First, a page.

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Monday, July 29, 2013

Rhinestones 101: Everything You Ever Needed to Know About Rhinestones and How to Buy Them

Welcome to Rhinestones 101! This post will you a rundown of how to get the biggest bang for your buck when it comes to buying stones for your ballroom costumes (or any other stoning project you may have).

You've probably already know that when it comes to costume decoration, Swarovski crystals are king (or queen?). All of the top ballroom designers use Swarovski crystals to decorate their costumes, which makes sense because Swarovski produce beautiful stones. However, you’ll quickly discover that  Swarovski beauty comes at a steep price. Prices can start as high as $4.99 for 40 crystals, if you buy them from a craft of fabric store. I know that doesn’t seem terribly expensive, but to put it into perspective, you will need 30 crystals crystals to cover just one square inch, if you’re working with ss20 size crystals. If you’re working with slightly smaller ss12 crystals, you’re going to need a whopping 67 crystals per square inch. Therefore, before you jump into your stoning project you need to learn a little bit about the different types of decorative crystals and the best way to buy them.

First, let’s talk about size:

All women know size matters, and when it comes to stoning your costumes you don’t want to go too large or too small. You don’t want to use too many large crystals, because it looks odd and cheapens the look of the costume – large crystals are OK for accents. You also don’t want to use crystals smaller than ss12 for dresses (unless you need them to complete an outline or accent), because they don't give you as much impact. Personally, I tend to stick with ss20-ss34 for costumes, and ss10-ss16 for shoes and accessories. When ordering, keep in mind that most online size charts are not scaled – in other words, the size you see on your screen probably isn’t the size of the actual stone, so it's nice to have a color card and size chart on hand.

Now that you have a few general rules on how to choose the size of your crystals, let’s talk about the types of crystals:

There are four major types of crystals and/or decorative stones used on ballroom costumes, and it’s important for you to know the differences between the major types, because not all stones are created equal. The four major types of stones are Swarovski crystals, Preciosa crystals (also known as Czech stones), Korean stones, and China stones.
            Swarovski -  I don’t feel like I need to spend a great deal of time talking about Swarovski, because you probably already know quite a bit – if you don’t, go to Google and type in Swarovski and ta-da!, everything you ever needed to know. Basically when it comes to stoning ballroom costumes, Swarovski are excellent, but just because they’re the most popular and the most expensive doesn’t make them the best. The only place Swarovski is truly better is in jewelry – Swarovski has more facets (sides) than other stones, which some people feel makes them look better up close – I can’t tell the difference between Swarovski and our next type of stone. Basically, what I’m saying here is stop trying to fit in, and save yourself some money – you’re dress will actually look better if you forgo Swarovski crystals, but I’ll get to that in a second.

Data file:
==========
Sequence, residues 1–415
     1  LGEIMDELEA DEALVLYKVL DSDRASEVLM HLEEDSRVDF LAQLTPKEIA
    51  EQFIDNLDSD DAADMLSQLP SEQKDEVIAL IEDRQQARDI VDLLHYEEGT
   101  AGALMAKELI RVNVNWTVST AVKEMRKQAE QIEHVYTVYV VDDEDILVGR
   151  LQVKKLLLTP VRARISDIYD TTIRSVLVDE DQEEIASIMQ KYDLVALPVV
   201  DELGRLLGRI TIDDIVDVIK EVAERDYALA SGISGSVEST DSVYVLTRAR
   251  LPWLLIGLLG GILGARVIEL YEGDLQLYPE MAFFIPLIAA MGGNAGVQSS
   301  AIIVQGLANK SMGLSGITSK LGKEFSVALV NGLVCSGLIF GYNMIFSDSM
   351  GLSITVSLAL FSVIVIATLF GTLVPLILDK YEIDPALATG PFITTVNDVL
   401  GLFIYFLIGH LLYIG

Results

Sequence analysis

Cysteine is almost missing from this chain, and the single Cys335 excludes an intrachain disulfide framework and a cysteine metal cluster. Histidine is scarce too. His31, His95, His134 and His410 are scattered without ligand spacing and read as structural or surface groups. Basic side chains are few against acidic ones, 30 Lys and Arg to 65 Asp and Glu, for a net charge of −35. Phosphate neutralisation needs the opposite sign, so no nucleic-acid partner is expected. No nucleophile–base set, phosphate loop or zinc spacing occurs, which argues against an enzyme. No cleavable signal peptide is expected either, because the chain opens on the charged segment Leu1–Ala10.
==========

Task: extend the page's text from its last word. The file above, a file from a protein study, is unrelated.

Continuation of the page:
Preciosa (Czech Stones) – Preciosa are my favorite type of crystal/rhinestone when it comes to decorating ballroom costumes. It’s pretty much impossible to tell the difference between Preciosa and Swarovski. If you claim to see a major difference between the two, you’re a spoiled bitch and you should move back to Beverly Hills. The biggest difference between Preciosa and Swarovski is that Preciosa has fewer facets (sides) than Swarovski, and this is a major asset! While Swarovski may look better up close in some people’s opinion (I don’t see it, but whatever), Preciosa look like a million bucks from a distance. The reason? Less facets! Because there are less facets in a Preciosa stone they reflect light far better than the more popular Swarovski crystals. I LOVE THESE STONES! Not only do they look better than Swarovski, because they don’t have the following that Swarovski has they’re significantly less expensive. So in sum, you’re getting a better looking stone for less money. Score!